The Boston school system says it is the first in the US to adopt a world map that shows how big countries really are in relation to each other, unlike the one most of us grew up with. The Gall-Peters projection, first published in 1974, gets rid of the distortion seen in the Mercator projection devised by Flemish cartographer Gerardus Mercator in 1569, the Guardian reports. His map made navigation along colonial trade routes easier, but it puts Germany in the middle (because it moved the equator) and makes Greenland the same size as Africa, when it is 14 times smaller. The Mercator projection also made Europe and North America seem bigger than they really are, a distortion that the Gall-Peters map corrects.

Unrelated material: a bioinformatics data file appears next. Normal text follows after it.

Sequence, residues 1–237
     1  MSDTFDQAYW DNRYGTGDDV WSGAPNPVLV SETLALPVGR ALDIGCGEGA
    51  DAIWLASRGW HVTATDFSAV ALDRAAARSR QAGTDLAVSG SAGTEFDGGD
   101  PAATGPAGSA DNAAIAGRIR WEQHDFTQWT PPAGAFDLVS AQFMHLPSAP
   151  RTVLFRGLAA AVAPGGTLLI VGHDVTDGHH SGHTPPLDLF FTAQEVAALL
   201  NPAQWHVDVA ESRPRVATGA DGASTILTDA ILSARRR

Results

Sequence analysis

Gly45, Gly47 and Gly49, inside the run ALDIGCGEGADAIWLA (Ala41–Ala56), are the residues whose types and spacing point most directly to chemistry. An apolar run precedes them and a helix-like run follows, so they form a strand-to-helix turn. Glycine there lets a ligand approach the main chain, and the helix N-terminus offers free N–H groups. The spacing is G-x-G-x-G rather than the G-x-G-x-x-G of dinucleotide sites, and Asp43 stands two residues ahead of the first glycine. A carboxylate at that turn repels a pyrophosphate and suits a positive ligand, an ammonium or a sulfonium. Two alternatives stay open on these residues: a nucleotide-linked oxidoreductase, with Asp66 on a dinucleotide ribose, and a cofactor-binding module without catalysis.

Boston Public Schools spokesman Colin Rose says the introduction of the new map is part of an effort "to decolonize the curriculum" in the system's 125 schools. "The Mercator projection is a symbolic representation that put Europe at the center of the world," he says. "And when you continue to show images of the places where people's heritage is rooted that is not accurate, that has an effect on students." He says the new maps are being phased in and instead of being removed, the Mercator maps will be left next to the Gall-Peters ones to let students see the differences. Boston's WBUR notes that the school map controversy featured in a West Wing episode. (This map may be the most proportional one ever.)